I would buy a used mini-PC or even a Mac mini with Linux on it. I can get them for as low as 30-40 euro with a decent processor, memory and HDD. LibreElec is great but I wouldn’t use it if I also wanted to do some web browsing.

Geotechland commenting on the Linux Daily Driver Challenge from Linus Tech Tips. BTW: My comment, I recently installed Pop!_OS on my sons desktop PC that he uses for school and gaming and Steam just installed fine.

cross-posted from: https://lemmy.ml/post/88539 > Minigalaxy certainly does the job, and it's my go-to if I'm going to grab anything from GOG rather than messing with direct-downloads.

Minigalaxy certainly does the job, and it's my go-to if I'm going to grab anything from GOG rather than messing with direct-downloads.

Hints of that old cyberian idealism float through Zuckerberg’s conception of the metaverse — he’s big on teleportation — but despite his habit of reminding us that he took philosophy and classics courses in college, Zuckerberg is no metaphysician. A Mammonist rather than a Platonist, he’s in it for the money. His goal with the metaverse is not just to create a virtual world that is more encompassing, more totalizing, than what we experience today with social media and videogames. It’s to turn reality itself into a product. In the metaverse, nothing happens that is not computable. That also means that, assuming the computers doing the computing are in private hands, nothing happens that is not a market transaction, a moment of monetization, either directly through an exchange of money or indirectly through the capture of data. With the metaverse, capital subsumes reality. It’s money all the way down.

Dolphin demonstrates the new features for MX-21 (Xfce, Fluxbox and KDE).

I think that you just react on the word obesity and didn’t even read the article which is about page bloat on the web.

Fairphone is unique in the world of smartphones. It's pretty much the only company trying to build a sustainable device that isn't glued together and hostile to the repair community. Today, Fairphone is announcing a brand-new flagship: the Fairphone 4, which brings an updated design and better specs while still shipping with all the modularity you would expect.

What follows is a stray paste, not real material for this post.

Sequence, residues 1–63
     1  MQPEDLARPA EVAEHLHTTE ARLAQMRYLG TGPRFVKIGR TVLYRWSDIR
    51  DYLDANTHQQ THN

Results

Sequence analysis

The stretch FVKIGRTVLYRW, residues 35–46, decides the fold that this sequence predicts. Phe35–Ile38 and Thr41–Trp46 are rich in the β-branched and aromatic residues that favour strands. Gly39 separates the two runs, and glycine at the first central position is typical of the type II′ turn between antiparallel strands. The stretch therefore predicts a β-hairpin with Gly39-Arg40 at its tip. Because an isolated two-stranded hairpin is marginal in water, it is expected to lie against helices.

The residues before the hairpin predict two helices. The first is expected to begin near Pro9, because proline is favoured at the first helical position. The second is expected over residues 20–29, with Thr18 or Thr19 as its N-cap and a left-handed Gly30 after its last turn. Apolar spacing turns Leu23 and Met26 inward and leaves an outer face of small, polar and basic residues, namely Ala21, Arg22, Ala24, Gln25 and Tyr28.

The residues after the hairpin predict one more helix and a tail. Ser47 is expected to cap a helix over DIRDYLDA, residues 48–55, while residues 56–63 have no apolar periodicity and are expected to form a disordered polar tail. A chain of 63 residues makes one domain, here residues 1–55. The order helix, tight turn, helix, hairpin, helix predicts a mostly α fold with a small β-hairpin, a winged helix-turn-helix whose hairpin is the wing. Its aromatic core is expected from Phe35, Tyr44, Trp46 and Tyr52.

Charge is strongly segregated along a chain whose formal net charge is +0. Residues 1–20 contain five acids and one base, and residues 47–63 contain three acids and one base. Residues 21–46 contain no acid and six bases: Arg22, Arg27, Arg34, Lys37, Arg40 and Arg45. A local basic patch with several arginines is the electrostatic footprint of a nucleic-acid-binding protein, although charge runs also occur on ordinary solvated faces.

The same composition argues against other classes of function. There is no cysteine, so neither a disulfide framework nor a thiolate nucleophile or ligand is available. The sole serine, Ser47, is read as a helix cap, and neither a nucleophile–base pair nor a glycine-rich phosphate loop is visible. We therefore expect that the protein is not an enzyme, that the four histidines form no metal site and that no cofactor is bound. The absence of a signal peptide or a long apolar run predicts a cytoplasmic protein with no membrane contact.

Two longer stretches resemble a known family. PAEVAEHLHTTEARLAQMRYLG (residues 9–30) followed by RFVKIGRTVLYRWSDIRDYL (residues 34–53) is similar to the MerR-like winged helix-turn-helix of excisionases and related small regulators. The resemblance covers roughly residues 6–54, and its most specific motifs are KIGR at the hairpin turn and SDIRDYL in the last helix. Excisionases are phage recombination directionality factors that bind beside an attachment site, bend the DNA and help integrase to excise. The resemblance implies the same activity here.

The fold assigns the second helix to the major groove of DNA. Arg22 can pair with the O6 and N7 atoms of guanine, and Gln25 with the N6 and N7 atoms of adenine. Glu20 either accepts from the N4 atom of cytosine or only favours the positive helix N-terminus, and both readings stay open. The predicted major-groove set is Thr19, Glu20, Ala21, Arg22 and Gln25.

Keynote speech of Eben Moglen for the Open World Forum in 2010 discussing the surveillance network, the cloud, the hierarchical Net and it's dangers. He continues to describe the solution the 'plug servers' [basicly what Freedombox, Yunohost etc are now] together with a network consisting of federated services. I couldn't stream this speech from the Archive.org due to an error. It was otherwise only available for streaming on the non-free Vimeo platform (which in case of Eben Moglen seems inappropriate, to say the least, since Vimeo is a proprietary platform). I therefore made it available here on PeerTube. I used the CC BY-NC-SA 4.0 which is compatible with CC BY-NC-SA 3.0 from the original on the Archive.org

Theranos’ former lab director, Dr. Adam Rosendorff, told jurors on Friday that he quit the company because he “felt pressured to vouch for tests I did not have confidence in.” The company’s management, he said, was not willing to perform proficiency testing that is required by federal law before clinical laboratories can run tests on patient samples. That, and a series of other issues, caused him to lose confidence in the company. “I came to believe that the company was more about PR and fundraising than patient care,” Rosendorff said.

First of all I’m no security expert but I do know that security is relative. I’ve yet to see a objective scientific approach that can compare the security models of GNU/Linux and Windows (or any other OS). This could, given a proper experimental setup, provide objective data to substantiate that a certain Linux installation or distribution (or Windows for that matter) is secure (or insecure) in comparison. Understandably this scientific approach is very difficult to define given the numerous variables one has to include in this experiment. Until then we have to settle with self-proclaimed security experts that argue perhaps even rightfully why one system or the other is (in)secure. Often leading to endless debates without a decisive clear outcome.

As a sidenote. It’s funny that the author while describing the lack of sandboxing applications in Linux puts Linux against ChromeOS while the latter is a Gentoo Linux-based operating system.

And another one. Any OS is as secure as it’s user.